One Light, One Dark

Tillamook County Library Bookmobile 2
Two of my older poems…

The Bookmobile
It is clear one’s life has simplified
when it becomes the social high point
of the week. The Bookmobile
man (who’s name I don’t even know),
one’s most frequent, extra-familial
interlocutor. Every Wednesday
at five, the bus rolls into town.
My daughter gathers our tower
of books in eager arms (It’s here!
she says, looking down from our hilltop),
and we set out like traders for the outpost
of new ideas. The whole world,
I suspect, should be like the Bookmobile.
Nothing in excess, enough for everyone—
kindly limited and predetermined
by unseen hands. Two dozen cookbooks,
one rack for CDs, novels on a single
proud stand. No more bad news
than will fit in a 12-inch stack.
When we exit the Bookmobile,
it is sunset. The sky unfurls a pageant
of pink to herald evening, time
for food and rest, for scattering our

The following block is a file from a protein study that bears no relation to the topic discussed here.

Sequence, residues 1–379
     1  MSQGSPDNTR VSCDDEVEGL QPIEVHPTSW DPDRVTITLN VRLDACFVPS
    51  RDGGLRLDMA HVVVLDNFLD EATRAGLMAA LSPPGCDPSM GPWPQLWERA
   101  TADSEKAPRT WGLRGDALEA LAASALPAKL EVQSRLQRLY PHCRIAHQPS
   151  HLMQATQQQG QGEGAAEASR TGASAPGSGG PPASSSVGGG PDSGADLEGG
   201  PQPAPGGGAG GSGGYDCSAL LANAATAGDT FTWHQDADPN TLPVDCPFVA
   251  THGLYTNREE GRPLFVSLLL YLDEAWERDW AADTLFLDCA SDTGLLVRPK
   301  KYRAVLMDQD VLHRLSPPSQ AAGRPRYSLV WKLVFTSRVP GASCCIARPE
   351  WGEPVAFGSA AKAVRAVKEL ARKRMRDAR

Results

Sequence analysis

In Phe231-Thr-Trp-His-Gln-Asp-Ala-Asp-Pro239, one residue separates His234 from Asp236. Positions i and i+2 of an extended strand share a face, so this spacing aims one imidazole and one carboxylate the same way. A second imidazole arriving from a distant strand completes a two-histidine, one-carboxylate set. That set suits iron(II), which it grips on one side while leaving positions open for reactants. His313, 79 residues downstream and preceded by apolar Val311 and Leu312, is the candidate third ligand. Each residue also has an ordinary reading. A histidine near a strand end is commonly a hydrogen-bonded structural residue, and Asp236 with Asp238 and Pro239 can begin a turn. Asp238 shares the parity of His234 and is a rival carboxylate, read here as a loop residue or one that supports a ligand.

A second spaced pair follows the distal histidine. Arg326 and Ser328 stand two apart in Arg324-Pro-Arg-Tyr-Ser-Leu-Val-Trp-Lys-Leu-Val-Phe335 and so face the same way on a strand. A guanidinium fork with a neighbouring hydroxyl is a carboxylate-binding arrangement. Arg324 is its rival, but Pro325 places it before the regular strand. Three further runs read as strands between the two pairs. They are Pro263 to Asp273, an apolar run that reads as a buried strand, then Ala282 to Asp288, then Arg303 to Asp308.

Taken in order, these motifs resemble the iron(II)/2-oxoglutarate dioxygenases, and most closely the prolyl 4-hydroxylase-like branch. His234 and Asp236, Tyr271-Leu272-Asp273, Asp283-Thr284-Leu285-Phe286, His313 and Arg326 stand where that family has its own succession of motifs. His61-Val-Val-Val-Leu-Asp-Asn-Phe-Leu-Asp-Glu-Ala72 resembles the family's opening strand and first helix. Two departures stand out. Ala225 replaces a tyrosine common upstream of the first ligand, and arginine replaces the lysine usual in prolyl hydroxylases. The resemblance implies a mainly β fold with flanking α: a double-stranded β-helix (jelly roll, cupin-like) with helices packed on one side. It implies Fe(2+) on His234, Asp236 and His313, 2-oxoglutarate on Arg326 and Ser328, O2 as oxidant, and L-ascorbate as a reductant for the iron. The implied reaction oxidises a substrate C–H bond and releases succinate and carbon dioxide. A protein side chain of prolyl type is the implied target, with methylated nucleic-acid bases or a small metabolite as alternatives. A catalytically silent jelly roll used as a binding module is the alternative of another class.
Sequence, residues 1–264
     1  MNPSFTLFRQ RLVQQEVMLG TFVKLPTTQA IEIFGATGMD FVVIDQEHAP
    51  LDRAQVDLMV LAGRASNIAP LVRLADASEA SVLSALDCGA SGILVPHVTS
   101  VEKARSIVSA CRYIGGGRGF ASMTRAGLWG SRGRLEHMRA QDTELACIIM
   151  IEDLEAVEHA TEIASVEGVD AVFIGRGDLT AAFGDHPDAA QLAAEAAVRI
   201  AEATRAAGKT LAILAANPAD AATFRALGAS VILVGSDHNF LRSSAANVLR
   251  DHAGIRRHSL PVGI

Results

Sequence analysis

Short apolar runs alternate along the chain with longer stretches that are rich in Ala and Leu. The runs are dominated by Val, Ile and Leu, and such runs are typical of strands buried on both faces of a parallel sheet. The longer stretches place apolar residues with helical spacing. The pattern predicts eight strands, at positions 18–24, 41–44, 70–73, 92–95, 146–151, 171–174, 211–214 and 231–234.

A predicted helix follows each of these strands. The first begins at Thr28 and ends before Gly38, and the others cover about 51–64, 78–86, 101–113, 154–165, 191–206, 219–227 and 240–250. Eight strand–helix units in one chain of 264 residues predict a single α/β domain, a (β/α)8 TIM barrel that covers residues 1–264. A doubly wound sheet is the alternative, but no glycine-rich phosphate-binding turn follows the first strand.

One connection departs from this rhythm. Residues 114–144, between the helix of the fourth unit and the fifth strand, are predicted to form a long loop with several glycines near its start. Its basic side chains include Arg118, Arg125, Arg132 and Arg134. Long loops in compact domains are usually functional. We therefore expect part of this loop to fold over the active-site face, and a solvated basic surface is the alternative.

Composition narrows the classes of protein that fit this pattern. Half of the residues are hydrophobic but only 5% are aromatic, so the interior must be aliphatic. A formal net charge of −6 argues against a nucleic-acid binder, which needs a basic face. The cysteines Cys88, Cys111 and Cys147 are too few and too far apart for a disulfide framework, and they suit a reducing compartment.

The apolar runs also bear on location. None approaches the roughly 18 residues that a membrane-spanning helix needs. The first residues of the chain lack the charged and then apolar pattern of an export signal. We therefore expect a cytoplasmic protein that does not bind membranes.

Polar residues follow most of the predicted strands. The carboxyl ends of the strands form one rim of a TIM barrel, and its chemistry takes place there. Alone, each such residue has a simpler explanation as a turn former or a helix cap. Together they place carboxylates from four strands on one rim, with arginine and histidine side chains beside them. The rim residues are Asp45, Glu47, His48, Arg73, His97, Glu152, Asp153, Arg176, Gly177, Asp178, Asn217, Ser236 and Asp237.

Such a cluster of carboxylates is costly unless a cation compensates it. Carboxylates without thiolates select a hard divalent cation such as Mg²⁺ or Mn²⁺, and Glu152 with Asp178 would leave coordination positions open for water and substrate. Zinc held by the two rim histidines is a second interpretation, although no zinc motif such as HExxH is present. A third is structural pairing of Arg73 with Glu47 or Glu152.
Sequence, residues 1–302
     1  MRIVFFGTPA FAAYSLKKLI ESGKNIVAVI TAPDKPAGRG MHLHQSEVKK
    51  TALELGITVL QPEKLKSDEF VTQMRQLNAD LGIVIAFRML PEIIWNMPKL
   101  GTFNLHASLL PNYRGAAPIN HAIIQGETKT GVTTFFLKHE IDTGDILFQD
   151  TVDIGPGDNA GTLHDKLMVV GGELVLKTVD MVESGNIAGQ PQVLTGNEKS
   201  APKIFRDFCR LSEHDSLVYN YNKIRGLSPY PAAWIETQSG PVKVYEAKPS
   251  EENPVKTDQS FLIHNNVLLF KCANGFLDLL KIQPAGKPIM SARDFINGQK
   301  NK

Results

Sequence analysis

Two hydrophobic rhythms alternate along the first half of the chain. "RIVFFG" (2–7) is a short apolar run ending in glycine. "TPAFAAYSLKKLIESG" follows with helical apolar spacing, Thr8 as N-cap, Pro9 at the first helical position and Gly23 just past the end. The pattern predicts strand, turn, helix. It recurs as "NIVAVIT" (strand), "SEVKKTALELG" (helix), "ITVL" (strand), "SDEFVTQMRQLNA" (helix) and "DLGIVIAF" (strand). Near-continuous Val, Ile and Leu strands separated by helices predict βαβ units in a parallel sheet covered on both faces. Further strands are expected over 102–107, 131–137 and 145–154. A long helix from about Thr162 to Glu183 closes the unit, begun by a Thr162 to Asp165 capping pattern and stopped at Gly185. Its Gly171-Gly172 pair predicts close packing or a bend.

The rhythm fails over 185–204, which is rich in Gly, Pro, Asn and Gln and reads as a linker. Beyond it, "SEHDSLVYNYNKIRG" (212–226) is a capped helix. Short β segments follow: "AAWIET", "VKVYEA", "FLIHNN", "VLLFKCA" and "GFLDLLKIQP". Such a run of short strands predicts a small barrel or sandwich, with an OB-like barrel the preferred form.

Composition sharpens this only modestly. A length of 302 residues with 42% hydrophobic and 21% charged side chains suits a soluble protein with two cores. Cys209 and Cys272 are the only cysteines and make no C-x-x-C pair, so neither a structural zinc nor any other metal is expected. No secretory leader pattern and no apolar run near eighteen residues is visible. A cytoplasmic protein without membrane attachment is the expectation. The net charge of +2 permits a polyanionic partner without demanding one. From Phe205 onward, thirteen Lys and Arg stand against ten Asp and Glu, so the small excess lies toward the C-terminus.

books, like rose petals, on the bed.

{Poem first appeared in Rain Magazine, 2006}


We’d fashion fortune-
tellers with a notebook’s page.
Under the creased angles of fate:
movie-star husband, glamour job.
I was the jealous sister.
Sitting now in the ICU
beside your cancer-twisted child,
I recall the game. Cancer didn’t lurk,
a skulking idea, beneath our
future’s blue-lined folds.
I didn’t lift a corner to divorce or, pick
a color: B-L-U-E, a kid
with A-D-D. Can’t say the thought
didn’t cross my mind: you get the one
with cancer, and odds are I won’t.
You swim these locks of grief,
past wheelchair dash of balding boys,
alcoholic babies; I note
the fine paintings on the wall.
On the drive, autumn’s gilt,
melancholic splendor. My
sensuality clads a longing and dread.
What will be the bright green gift,
the tissue-petaled charm,
on the other side of this
long winter’s loss?
The purposes of gods
seem buttoned and blank.
{Poem first appeared in The Portland Review, Summer 2003}

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